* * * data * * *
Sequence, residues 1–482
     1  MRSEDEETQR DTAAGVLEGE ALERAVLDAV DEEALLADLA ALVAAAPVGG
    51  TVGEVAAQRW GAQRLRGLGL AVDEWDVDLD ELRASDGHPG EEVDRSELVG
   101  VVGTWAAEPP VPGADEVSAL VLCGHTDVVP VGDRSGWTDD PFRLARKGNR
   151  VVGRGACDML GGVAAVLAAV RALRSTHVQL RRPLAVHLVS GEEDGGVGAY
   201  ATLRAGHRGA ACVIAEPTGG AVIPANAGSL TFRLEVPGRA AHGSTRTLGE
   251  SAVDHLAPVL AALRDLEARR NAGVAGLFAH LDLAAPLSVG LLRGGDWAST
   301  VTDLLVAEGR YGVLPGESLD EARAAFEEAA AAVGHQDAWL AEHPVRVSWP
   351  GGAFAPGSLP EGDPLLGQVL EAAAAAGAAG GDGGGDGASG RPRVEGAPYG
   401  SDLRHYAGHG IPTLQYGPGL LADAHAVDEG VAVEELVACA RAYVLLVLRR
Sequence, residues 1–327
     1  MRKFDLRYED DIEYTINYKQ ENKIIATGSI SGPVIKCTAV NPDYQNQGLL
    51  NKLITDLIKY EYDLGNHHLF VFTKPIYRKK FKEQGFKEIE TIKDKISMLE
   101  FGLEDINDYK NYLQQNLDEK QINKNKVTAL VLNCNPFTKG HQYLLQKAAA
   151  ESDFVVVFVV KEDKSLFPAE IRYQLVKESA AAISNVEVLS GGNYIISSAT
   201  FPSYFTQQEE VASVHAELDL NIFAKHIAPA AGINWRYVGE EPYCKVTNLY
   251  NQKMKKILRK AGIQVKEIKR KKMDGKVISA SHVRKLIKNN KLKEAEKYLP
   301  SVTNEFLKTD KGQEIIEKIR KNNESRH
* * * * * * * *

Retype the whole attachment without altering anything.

Sequence, residues 1–482
     1  MRSEDEETQR DTAAGVLEGE ALERAVLDAV DEEALLADLA ALVAAAPVGG
    51  TVGEVAAQRW GAQRLRGLGL AVDEWDVDLD ELRASDGHPG EEVDRSELVG
   101  VVGTWAAEPP VPGADEVSAL VLCGHTDVVP VGDRSGWTDD PFRLARKGNR
   151  VVGRGACDML GGVAAVLAAV RALRSTHVQL RRPLAVHLVS GEEDGGVGAY
   201  ATLRAGHRGA ACVIAEPTGG AVIPANAGSL TFRLEVPGRA AHGSTRTLGE
   251  SAVDHLAPVL AALRDLEARR NAGVAGLFAH LDLAAPLSVG LLRGGDWAST
   301  VTDLLVAEGR YGVLPGESLD EARAAFEEAA AAVGHQDAWL AEHPVRVSWP
   351  GGAFAPGSLP EGDPLLGQVL EAAAAAGAAG GDGGGDGASG RPRVEGAPYG
   401  SDLRHYAGHG IPTLQYGPGL LADAHAVDEG VAVEELVACA RAYVLLVLRR
Sequence, residues 1–327
     1  MRKFDLRYED DIEYTINYKQ ENKIIATGSI SGPVIKCTAV NPDYQNQGLL
    51  NKLITDLIKY EYDLGNHHLF VFTKPIYRKK FKEQGFKEIE TIKDKISMLE
   101  FGLEDINDYK NYLQQNLDEK QINKNKVTAL VLNCNPFTKG HQYLLQKAAA
   151  ESDFVVVFVV KEDKSLFPAE IRYQLVKESA AAISNVEVLS GGNYIISSAT
   201  FPSYFTQQEE VASVHAELDL NIFAKHIAPA AGINWRYVGE EPYCKVTNLY
   251  NQKMKKILRK AGIQVKEIKR KKMDGKVISA SHVRKLIKNN KLKEAEKYLP
   301  SVTNEFLKTD KGQEIIEKIR KNNESRH